Oakley’s Council Chambers were packed Monday night for the monthly meeting of the East Contra Costa Fire Protect District (ECCFPD) Board of Directors. The budget was the only issue for the majority of those in attendance. Options for balancing the 2010-2011 budget included station closure, and they were there to tell the Board that this option was not acceptable.
The ECCFPD was formed in 2002 through the consolidation of East Diablo Fire District, Oakley-Knightsen Fire District and Bethel Island Fire District. East County Fire District serves the cities of Brentwood and Oakley, as well as the unincorporated areas of Bethel Island, Byron, Discovery Bay, Knightsen, and Marsh Creek-Morgan Territory. Responsible for an area of some 250 square miles, the District is the second largest fire service in the County.
The district is woefully underfunded and has been since the beginning. Fire services are funded with property taxes, the 1% of the assessed value that we all pay. ECCFPD relies on property taxes for 99.6 percent of its revenue, and receives a below average share of property taxes compared with other fire districts in the County. The District’s share of property tax revenues is seven percent in Brentwood, five percent in Oakley, and nine percent, on average, in unincorporated areas; by comparison, the average fire district property tax share countywide is 12 percent in cities (served by fire districts) and 13 percent in unincorporated areas. The majority of taxes collected to run the District come from Brentwood, Oakley and Discovery Bay. There are no feasible opportunities whereby the District could rearrange the property tax pie and shift additional revenue to pay for fire services.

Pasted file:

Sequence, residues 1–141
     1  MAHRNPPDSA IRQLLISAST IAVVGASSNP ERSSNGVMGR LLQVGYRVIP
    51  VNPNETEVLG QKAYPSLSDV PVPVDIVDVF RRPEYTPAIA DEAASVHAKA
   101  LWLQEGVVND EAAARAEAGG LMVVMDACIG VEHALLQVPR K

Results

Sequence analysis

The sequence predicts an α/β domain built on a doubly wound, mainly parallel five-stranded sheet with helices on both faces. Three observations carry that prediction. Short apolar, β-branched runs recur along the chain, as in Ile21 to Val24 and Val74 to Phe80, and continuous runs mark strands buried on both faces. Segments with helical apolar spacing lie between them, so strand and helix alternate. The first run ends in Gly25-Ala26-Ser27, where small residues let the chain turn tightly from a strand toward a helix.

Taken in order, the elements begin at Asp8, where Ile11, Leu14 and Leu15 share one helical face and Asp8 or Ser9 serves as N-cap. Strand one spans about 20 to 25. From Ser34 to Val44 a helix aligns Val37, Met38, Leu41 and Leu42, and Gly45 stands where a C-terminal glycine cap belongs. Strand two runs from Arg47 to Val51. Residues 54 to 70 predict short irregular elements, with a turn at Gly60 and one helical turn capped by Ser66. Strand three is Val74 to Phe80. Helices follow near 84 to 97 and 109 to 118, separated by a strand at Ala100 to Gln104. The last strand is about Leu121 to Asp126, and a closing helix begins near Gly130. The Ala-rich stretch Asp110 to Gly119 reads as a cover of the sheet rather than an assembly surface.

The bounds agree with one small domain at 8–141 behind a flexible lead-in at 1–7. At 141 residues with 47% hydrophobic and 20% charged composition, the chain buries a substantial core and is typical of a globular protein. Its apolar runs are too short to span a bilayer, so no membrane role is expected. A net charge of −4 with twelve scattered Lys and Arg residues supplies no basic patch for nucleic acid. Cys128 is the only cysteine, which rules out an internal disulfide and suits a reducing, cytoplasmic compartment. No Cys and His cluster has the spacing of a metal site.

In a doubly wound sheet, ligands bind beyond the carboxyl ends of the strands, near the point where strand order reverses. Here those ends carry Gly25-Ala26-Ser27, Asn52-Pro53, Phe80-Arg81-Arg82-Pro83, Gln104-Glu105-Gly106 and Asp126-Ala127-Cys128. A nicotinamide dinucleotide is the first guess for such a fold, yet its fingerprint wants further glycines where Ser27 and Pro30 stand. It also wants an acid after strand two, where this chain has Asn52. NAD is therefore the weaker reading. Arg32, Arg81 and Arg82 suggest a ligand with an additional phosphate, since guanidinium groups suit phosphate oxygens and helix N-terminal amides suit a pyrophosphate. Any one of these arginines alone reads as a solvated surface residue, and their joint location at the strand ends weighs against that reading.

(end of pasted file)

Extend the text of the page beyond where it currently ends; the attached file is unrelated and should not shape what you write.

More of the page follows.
The precipitous drop in home values has exasperated the funding ability of local entities, cities, counties, school districts and special districts. County assessors across the state are reassessing property at lower values. This is a boom to homeowners, who will be paying less tax on their properties, but this is an additional loss of revenue for local entities. Over the last two years ECCFPD has seen revenues decrease by nearly 25% and the trend does not look to be improving. The recovery of property values and the conjoined tax revenues has been thus far rather anemic. At the April 20th Board of Supervisors meeting, the County Assessor announced an approximate 5% additional decrease in property valuation for the fiscal year 2010-11 and estimated 2-3% reduction for fiscal year 2011-12. If the Board stands pat and does nothing, waiting for a miracle source of revenue that does not exist, District reserves will be depleted and unable to meet expenses in about 18 months. Cuts in services and/or manpower will be required to meet the decreasing revenues.
As requested by the Board in the May meeting, staff provided cost information associated with various staffing models and other cost saving options in an attempt to bring expenses closer to anticipated revenues. The modeled staffing scenarios include:
- 48 fire suppression personnel with 8, 7, and 6 station staffing models
- 45 fire suppression personnel with 6 station staffing model
- 42 fire suppression personnel with 5 station staffing model
In addition to the staffing models, various cost saving options have also been included:
- Cal Fire contract
- Reserve Program
In an attempt to stop the coming train wreck the Board asked the staff to return with a budget based on 48 fire personnel and 6 stations and eliminate the Cal Fire contract for the Sunshine station. The reserve program will remain, but be evaluated in six months. The two stations to be closed will be determined later this month.
In order to pass the budget before the fiscal year ends the Board will meet again on Wednesday, June 29 at Oakley City Hall.